Data Assimilation For Assessing Radioactive Contamination In Feed And Foodstuffs
Free (open access)
K Richter, F Gering & H Müller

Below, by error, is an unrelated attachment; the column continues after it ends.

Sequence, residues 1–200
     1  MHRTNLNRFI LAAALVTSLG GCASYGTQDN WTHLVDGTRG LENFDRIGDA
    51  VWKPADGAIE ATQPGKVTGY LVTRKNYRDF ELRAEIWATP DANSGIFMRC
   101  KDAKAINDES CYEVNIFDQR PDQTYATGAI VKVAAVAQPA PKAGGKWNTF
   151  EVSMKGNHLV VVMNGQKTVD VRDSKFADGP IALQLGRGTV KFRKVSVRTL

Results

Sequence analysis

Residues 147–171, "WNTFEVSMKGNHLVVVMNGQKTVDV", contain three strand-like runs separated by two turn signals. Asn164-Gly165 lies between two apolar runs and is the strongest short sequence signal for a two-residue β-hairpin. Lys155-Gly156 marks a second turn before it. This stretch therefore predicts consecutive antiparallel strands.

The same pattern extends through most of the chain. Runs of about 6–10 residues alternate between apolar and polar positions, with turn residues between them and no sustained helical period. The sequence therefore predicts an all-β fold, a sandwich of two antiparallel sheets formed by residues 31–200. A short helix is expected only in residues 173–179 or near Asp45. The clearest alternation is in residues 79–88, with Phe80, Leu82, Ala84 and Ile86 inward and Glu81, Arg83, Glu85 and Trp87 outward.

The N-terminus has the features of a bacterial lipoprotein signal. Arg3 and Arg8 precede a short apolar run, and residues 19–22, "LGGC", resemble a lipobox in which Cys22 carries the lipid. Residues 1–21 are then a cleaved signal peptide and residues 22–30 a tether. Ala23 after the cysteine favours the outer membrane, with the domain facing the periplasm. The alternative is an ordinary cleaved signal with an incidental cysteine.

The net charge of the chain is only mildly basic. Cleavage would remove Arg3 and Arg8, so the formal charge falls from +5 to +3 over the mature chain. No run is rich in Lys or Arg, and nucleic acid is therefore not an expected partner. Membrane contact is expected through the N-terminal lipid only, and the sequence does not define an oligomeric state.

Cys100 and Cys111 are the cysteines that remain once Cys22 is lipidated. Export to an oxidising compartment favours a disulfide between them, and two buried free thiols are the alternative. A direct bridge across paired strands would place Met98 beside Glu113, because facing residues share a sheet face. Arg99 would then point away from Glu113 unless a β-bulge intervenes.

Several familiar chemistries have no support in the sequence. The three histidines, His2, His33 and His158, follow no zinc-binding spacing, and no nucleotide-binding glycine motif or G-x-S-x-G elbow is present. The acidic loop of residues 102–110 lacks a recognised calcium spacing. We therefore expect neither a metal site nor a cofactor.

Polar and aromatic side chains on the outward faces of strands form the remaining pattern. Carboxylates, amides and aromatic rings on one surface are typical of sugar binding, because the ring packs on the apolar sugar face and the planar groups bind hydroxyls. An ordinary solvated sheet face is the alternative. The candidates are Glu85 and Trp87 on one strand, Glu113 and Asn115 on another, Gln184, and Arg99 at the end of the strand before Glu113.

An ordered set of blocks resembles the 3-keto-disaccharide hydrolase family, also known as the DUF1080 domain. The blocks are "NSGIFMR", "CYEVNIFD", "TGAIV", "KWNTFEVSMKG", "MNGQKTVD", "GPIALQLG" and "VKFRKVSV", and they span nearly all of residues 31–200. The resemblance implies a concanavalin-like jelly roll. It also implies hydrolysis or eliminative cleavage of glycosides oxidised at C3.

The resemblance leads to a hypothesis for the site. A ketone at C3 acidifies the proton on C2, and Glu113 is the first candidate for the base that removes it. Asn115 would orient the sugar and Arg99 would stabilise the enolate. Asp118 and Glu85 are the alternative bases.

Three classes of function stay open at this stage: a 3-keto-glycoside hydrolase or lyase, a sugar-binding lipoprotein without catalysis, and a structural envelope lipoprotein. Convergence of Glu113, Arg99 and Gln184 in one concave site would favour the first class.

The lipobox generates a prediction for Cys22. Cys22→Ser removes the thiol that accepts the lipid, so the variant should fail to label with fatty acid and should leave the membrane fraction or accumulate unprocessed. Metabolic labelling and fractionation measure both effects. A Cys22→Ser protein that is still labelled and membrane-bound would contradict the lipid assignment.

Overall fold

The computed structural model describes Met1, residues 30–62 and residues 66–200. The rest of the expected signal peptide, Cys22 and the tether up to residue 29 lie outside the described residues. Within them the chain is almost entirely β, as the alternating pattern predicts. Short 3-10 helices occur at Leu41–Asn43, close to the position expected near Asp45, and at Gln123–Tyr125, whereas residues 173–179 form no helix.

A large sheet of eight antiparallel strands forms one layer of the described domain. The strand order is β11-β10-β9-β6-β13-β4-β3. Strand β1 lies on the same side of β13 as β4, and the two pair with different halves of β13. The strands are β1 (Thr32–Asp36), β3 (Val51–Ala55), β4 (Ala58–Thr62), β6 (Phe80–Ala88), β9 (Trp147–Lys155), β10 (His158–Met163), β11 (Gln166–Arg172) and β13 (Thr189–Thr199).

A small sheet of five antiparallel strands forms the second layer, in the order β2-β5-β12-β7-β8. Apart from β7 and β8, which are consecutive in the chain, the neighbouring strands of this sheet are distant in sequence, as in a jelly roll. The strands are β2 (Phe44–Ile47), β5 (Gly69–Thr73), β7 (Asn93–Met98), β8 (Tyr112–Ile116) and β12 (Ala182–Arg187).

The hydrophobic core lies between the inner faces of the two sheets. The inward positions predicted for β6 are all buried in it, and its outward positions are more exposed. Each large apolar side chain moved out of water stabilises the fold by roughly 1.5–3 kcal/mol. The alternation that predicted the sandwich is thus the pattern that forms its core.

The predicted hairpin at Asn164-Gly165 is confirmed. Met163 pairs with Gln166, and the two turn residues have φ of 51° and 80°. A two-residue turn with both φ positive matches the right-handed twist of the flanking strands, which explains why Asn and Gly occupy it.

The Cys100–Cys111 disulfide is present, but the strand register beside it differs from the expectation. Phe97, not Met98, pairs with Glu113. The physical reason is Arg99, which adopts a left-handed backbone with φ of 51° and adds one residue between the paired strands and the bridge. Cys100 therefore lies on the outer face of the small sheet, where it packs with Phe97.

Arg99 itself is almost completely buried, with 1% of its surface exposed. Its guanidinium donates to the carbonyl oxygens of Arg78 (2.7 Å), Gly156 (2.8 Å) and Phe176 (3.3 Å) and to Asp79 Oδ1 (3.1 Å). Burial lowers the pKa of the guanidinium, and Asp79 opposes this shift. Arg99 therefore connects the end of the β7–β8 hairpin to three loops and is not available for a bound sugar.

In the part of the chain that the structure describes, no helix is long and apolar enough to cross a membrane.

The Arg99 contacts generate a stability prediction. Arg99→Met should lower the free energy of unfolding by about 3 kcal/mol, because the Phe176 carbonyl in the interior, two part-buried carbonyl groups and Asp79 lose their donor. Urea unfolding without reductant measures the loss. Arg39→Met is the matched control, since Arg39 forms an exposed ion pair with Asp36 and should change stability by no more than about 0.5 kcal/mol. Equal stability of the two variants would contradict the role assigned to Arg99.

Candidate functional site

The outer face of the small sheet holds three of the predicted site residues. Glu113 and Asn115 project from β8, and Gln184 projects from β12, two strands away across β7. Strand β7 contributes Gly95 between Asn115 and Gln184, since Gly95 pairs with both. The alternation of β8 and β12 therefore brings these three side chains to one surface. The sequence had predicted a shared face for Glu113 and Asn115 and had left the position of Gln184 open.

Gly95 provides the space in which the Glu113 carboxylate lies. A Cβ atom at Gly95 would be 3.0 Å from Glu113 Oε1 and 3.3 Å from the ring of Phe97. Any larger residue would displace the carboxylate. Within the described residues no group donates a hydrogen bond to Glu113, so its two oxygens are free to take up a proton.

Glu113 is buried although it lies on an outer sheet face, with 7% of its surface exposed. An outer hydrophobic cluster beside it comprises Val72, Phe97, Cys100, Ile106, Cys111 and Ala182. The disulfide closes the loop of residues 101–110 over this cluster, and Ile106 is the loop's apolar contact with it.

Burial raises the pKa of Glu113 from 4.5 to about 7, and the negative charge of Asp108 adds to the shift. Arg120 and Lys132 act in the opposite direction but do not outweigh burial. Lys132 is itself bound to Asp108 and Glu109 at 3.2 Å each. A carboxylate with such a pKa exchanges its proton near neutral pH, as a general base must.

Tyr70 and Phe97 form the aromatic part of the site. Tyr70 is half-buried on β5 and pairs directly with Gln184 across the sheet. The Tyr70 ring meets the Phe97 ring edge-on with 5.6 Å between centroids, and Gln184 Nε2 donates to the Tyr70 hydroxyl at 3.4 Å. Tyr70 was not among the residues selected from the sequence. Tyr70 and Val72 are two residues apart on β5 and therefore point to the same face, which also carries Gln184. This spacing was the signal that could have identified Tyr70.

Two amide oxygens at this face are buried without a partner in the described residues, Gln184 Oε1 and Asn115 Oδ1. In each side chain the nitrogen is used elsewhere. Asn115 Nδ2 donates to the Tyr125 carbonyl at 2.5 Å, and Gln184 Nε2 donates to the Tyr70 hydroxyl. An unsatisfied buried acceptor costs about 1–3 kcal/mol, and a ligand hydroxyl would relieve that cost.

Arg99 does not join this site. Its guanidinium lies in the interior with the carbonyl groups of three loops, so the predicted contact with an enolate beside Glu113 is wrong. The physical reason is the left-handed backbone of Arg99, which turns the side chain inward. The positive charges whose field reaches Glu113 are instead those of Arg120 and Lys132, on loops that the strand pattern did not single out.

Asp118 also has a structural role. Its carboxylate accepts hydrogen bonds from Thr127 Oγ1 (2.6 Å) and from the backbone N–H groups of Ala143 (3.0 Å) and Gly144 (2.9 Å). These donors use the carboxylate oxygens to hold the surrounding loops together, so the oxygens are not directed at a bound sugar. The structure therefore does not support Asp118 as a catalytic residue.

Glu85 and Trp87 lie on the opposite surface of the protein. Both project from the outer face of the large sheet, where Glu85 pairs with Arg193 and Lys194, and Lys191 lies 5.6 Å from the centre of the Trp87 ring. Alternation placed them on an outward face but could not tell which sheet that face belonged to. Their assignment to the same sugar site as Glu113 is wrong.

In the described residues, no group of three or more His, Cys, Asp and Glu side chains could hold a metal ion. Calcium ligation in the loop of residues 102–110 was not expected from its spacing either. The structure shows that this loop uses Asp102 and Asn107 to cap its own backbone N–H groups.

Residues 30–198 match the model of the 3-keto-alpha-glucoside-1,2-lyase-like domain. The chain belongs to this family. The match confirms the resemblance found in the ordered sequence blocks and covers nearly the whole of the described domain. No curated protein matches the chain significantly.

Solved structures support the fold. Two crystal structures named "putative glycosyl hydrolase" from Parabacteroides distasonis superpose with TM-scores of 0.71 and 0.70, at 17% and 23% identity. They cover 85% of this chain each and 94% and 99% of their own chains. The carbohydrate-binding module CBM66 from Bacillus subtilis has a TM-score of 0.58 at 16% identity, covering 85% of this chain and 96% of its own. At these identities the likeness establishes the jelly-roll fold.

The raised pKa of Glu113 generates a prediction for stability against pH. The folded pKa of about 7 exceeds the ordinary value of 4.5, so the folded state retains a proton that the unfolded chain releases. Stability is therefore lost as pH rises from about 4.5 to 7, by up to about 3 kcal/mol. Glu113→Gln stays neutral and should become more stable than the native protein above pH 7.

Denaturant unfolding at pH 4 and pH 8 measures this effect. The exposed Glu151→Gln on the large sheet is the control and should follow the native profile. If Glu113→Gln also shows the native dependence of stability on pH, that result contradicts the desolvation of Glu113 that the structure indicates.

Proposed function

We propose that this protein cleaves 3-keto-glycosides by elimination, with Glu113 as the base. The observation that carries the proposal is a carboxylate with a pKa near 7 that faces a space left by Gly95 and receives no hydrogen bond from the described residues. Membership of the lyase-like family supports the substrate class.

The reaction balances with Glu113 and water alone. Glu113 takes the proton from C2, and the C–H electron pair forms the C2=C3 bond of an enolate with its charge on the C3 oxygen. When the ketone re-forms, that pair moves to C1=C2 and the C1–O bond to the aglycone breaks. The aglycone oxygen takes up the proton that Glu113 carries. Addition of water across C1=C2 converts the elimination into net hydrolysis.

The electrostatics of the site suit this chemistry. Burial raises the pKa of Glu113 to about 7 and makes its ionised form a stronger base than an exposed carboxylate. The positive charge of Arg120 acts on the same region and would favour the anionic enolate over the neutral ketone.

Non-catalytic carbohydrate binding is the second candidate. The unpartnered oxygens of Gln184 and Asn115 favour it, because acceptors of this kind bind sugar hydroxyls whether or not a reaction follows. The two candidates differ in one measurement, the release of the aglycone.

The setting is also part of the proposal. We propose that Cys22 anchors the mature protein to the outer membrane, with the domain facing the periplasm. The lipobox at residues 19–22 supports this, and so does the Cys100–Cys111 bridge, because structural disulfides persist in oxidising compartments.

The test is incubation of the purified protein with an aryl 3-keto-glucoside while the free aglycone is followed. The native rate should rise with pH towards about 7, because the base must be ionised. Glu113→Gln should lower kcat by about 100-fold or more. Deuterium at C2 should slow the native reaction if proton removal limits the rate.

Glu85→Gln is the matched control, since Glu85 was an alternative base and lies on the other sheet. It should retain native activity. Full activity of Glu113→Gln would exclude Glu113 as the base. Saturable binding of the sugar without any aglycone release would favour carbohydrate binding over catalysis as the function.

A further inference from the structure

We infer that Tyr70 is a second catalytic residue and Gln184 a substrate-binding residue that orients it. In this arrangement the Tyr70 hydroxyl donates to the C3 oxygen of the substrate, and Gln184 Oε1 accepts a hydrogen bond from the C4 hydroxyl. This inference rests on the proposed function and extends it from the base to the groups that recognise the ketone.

After a large-scale emission of radioactivity into the atmosphere in the case of a nuclear accident appropriate measures have to be taken in order to minimize the health risk of the population. Estimations of the contamination of feed and foodstuffs are of particular importance for this. The decision support system RODOS, which is installed in many European countries for assessing the consequences of nuclear emergencies, contains a food chain model to predict the activity concentration in feed and foodstuffs. The uncertain y of the food chain model parameters, for example root uptake factors and the time of harvest, as well as the uncertainty of the input parameters, namely the deposited activity on ground and plants contribute to the uncertainty of the model output. Results of a sensitivity analysis to identify the most important model parameters are presented. Since in a real emergency, measurements of activity concentrations in feed and foodstuffs are available, they can be used to improve the results of the food chain model. This data assimilation is done with a Kalman filter, using the results of the sensitivity analysis. The Kalman filter updates the predicted activity concentration every time new measurements are available taking into account both the uncertainty of the food chain model output and the uncertainty of the measurements. Measurements carried out at a particular site and point in time may influence the predicted activity concentration at other sites and other points in time. Since the food chain model works on a large-scale grid a suboptimal Kalman filter, the Ensemble Kalman Filter, is applied in order to reduce the data amount and the computational time. Examples of the temporal course and the spatial distribution of activity concentrations are shown.